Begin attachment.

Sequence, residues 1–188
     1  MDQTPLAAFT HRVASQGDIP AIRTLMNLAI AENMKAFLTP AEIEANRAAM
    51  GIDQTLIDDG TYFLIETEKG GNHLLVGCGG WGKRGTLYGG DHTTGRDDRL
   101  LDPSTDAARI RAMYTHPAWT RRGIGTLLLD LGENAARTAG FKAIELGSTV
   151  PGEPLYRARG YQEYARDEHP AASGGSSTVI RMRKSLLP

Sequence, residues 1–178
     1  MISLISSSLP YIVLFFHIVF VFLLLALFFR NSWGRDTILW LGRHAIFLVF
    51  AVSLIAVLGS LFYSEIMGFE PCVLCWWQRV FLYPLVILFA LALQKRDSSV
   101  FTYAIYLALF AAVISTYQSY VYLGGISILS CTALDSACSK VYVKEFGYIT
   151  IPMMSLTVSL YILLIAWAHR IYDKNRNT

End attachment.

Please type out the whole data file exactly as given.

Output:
Sequence, residues 1–188
     1  MDQTPLAAFT HRVASQGDIP AIRTLMNLAI AENMKAFLTP AEIEANRAAM
    51  GIDQTLIDDG TYFLIETEKG GNHLLVGCGG WGKRGTLYGG DHTTGRDDRL
   101  LDPSTDAARI RAMYTHPAWT RRGIGTLLLD LGENAARTAG FKAIELGSTV
   151  PGEPLYRARG YQEYARDEHP AASGGSSTVI RMRKSLLP

Sequence, residues 1–178
     1  MISLISSSLP YIVLFFHIVF VFLLLALFFR NSWGRDTILW LGRHAIFLVF
    51  AVSLIAVLGS LFYSEIMGFE PCVLCWWQRV FLYPLVILFA LALQKRDSSV
   101  FTYAIYLALF AAVISTYQSY VYLGGISILS CTALDSACSK VYVKEFGYIT
   151  IPMMSLTVSL YILLIAWAHR IYDKNRNT